Robotic Surgery Reduces Blood Loss and Length of Stay in Obese Men With Prostate Cancer

Robotic Surgery Reduces Blood Loss and Length of Stay in Obese Men With Prostate Cancer
Robotic Surgery Reduces Blood Loss and Length of Stay in Obese Men With Prostate Cancer

Length of stay and blood loss were reduced with robotic-assisted radical prostatectomy (RARP) compared with open radical prostatectomy in obese men with prostate cancer who underwent surgery for their disease.1

Prostate cancer is the most common solid organ malignancy in men in the United States; 1 in 6 men will develop the disease during their lifetime. Frequently chosen treatment options is radical prostatectomy, which involves removing some surrounding tissue as well as the prostate gland, is performed either as robotic-assisted or as an open procedure.

The robotic system allows surgeons to operate through a few small incisions. The system translates the movements of the surgeon's hand or wrist into highly precise movements of the surgical instruments. The surgeon directs every maneuver in real time while viewing a magnified, 3-dimensional, high-definition image of the surgical site.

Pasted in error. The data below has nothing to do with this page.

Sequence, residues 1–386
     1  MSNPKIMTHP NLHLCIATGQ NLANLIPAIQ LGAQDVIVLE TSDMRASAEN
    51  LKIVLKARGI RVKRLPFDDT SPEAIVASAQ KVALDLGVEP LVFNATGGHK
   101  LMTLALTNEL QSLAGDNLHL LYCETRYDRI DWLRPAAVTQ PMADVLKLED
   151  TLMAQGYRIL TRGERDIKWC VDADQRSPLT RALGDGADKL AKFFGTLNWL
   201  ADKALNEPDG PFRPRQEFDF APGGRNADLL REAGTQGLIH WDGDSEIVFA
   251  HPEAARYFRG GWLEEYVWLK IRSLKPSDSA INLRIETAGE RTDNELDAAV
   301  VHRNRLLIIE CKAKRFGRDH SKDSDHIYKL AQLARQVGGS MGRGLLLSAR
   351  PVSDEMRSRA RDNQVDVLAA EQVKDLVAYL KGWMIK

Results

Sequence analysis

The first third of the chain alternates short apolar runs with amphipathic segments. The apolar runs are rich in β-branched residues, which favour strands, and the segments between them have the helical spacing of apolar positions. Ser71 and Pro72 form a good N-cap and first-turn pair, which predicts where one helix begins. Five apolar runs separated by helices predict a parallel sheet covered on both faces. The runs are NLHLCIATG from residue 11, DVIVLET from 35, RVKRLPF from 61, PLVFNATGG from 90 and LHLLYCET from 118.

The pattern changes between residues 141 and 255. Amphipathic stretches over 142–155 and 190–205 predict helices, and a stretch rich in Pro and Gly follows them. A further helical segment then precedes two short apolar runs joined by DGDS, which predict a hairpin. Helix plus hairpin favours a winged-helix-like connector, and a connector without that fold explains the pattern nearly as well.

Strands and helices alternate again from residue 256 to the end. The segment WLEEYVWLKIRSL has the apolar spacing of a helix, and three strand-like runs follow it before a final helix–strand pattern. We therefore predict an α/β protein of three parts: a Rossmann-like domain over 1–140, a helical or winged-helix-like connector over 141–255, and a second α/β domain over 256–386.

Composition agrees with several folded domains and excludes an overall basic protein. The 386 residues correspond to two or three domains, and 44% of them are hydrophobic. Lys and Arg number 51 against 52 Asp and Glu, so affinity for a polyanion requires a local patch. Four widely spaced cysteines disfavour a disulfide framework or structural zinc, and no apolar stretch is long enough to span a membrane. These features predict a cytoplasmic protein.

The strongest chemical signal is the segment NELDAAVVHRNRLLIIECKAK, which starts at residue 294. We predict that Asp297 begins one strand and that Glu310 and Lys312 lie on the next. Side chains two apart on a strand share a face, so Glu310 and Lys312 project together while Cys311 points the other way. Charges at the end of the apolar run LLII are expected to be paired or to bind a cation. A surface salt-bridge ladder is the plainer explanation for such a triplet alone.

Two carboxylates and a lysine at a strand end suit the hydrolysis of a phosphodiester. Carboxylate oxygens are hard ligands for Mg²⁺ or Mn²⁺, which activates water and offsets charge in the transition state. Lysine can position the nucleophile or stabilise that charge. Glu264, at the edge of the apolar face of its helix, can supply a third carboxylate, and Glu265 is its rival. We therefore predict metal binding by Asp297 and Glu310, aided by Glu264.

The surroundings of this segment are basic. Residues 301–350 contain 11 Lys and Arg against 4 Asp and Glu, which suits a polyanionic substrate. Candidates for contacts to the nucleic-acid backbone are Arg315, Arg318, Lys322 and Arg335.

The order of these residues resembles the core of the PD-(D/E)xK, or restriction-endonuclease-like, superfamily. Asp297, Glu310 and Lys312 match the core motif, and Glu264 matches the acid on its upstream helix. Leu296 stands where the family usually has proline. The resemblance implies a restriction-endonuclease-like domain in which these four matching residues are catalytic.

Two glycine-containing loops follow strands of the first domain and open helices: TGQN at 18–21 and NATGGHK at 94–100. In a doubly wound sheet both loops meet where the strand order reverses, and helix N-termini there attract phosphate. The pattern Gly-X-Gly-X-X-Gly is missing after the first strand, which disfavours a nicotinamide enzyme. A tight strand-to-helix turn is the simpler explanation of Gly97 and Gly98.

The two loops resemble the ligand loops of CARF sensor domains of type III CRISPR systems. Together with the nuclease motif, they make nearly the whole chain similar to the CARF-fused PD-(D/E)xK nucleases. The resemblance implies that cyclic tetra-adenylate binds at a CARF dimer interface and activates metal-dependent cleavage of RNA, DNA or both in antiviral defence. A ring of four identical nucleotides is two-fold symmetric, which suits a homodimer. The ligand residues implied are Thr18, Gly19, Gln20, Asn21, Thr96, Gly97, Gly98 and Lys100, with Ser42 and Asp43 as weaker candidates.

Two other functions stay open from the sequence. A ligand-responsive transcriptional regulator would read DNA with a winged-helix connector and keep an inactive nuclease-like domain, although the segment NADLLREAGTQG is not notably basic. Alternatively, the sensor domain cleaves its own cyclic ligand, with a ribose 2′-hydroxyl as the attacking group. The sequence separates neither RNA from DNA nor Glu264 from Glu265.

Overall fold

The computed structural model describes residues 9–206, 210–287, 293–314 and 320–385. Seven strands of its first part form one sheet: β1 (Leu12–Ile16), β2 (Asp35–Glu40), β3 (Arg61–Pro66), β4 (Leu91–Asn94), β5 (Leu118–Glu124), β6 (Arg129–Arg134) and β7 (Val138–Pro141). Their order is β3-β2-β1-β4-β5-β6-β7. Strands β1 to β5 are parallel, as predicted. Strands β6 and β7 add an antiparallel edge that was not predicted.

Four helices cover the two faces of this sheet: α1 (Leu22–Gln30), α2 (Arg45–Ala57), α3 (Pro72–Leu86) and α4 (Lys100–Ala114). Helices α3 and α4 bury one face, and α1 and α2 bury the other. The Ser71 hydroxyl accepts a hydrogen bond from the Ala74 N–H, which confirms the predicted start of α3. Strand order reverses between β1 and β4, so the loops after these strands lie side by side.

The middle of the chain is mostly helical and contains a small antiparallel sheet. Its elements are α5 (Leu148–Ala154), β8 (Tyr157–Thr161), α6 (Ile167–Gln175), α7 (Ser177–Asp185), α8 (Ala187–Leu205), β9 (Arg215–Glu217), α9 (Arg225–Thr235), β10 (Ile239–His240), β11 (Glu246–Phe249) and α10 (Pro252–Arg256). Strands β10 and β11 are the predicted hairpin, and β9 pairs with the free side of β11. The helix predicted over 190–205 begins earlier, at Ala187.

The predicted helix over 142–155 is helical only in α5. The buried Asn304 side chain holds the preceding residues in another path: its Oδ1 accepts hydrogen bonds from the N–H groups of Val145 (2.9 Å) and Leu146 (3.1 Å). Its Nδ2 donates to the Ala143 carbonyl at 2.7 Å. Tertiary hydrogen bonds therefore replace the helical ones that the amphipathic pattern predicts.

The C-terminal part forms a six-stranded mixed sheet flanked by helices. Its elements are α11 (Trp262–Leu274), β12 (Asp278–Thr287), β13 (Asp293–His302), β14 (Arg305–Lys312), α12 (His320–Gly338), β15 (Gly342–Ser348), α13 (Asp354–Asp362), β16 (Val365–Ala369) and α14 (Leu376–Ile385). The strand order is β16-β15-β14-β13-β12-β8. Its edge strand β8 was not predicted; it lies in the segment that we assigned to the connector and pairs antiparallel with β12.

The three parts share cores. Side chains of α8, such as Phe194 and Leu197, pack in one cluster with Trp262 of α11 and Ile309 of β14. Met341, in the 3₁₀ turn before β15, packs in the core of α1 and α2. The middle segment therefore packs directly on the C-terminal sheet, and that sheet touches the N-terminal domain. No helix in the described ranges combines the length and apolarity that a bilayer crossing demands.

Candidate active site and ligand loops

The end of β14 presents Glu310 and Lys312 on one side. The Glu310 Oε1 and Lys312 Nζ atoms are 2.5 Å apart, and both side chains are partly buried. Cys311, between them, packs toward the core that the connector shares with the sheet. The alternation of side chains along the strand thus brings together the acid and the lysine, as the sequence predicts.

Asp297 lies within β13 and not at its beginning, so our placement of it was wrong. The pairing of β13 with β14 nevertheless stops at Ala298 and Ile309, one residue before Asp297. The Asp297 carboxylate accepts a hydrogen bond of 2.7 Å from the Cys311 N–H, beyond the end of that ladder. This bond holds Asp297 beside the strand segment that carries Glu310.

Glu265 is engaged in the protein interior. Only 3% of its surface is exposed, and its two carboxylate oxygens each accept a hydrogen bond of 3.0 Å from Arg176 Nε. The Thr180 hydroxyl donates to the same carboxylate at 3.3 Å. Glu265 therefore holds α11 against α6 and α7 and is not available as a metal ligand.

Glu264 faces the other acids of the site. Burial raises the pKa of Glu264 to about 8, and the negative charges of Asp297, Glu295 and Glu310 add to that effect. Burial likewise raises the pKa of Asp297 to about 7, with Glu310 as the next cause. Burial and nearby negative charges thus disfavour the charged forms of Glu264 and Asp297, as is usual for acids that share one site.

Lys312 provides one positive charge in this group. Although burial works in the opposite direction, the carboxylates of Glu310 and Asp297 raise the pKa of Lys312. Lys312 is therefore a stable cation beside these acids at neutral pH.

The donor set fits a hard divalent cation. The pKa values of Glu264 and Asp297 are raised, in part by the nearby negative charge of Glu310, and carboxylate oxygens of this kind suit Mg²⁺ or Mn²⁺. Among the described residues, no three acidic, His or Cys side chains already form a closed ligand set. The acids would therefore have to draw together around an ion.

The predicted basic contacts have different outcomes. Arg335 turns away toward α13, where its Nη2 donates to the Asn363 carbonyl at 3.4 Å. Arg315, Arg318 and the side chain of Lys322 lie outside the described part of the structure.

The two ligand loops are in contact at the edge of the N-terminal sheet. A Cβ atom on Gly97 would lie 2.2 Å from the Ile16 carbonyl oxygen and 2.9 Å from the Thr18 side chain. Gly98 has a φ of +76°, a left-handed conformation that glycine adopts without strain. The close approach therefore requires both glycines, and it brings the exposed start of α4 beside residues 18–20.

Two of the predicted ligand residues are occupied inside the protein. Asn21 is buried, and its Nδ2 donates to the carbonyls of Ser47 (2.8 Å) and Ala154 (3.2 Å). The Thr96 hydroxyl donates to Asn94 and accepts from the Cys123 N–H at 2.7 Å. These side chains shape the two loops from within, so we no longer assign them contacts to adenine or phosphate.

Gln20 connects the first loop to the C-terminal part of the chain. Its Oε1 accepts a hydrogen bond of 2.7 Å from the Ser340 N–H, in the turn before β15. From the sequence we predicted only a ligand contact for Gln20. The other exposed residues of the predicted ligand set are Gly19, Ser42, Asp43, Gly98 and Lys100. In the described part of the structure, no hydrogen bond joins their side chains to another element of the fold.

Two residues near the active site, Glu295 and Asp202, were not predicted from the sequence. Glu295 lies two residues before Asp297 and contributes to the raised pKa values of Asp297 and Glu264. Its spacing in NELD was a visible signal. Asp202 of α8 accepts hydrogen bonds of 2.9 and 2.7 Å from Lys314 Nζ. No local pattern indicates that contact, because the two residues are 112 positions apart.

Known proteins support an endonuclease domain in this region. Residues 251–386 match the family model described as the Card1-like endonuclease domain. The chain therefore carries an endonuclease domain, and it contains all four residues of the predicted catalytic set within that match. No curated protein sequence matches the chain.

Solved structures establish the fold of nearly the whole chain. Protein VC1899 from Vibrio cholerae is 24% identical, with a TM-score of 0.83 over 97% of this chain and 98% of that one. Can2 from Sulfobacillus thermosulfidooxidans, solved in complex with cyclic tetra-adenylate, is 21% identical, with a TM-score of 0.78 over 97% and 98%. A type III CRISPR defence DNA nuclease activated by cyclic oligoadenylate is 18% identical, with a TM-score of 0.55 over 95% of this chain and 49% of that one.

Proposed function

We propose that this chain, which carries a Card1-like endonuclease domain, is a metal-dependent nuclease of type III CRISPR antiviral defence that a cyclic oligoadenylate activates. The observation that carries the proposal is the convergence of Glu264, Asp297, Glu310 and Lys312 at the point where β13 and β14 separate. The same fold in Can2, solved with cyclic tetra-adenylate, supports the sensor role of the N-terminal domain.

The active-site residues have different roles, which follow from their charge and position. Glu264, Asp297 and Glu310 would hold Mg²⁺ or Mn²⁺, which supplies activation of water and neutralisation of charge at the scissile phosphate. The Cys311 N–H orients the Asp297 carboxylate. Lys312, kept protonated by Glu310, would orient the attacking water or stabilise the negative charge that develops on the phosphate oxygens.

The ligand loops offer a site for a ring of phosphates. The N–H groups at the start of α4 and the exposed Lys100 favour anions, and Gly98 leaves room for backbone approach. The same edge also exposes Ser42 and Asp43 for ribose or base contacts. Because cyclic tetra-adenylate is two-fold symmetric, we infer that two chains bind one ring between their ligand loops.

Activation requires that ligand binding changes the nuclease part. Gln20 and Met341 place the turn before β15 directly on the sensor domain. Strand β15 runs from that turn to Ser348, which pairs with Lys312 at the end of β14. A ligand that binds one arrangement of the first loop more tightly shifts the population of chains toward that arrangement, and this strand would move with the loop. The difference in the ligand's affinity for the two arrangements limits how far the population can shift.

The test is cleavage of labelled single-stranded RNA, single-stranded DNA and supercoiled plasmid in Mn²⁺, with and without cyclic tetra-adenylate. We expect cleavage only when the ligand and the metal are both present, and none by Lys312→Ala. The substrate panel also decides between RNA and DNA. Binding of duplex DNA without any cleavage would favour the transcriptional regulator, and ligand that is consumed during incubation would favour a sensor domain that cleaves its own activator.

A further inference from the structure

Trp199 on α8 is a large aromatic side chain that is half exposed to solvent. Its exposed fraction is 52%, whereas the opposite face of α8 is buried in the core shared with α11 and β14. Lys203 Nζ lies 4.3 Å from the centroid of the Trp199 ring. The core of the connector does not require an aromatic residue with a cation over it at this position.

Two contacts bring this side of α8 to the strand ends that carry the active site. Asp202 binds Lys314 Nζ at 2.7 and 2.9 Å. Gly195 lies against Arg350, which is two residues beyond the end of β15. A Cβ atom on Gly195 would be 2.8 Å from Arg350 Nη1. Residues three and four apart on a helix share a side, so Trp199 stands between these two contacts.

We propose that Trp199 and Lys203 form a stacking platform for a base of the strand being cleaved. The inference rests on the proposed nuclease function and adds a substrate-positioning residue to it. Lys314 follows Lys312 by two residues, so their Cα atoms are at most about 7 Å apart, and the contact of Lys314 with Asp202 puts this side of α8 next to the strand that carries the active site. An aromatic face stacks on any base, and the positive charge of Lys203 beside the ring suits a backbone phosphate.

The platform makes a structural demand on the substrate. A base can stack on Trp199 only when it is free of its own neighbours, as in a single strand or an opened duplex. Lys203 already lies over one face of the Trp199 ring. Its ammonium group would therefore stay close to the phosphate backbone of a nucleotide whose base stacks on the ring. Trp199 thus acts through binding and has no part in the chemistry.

Almost 40% of adults in the United States are obese, according to background information in the article. Obesity often comes with comorbidities that make operations challenging, such as diabetes, heart disease, and obstructive sleep apnea.

The researchers identified 9108 obese men who underwent radical prostatectomy; 60.4% of whom underwent RARP, and 39.6% underwent open prostatectomy. The study was led by Gopal Gupta, MD, an assistant professor in the Department of Urology of Loyola University Chicago Stritch School of Medicine, Chicago, Illinois.

Compared with patients who underwent open prostatectomy, the patients who underwent RARP were 83% less likely to require blood transfusions and 72% less likely to require prolonged hospital stays. Risk of infections and other complications, however, were not reduced by the robotic-assisted surgery.

Given that the complication rates are similar between the robotic and open surgery options, the implication for urologists is that both techniques remain interchangeable. The approach chosen should be dictated by the surgeon's comfort level.

For obese patients with prostate cancer, the findings suggest that both approaches to the surgery are feasible and safe.

Reference

1. Ellimoottil C, Roghmann F, Blackwell R, et al. Open versus robotic radical prostatectomy in obese men. Curr Urol. 2015;8(3):156-161.

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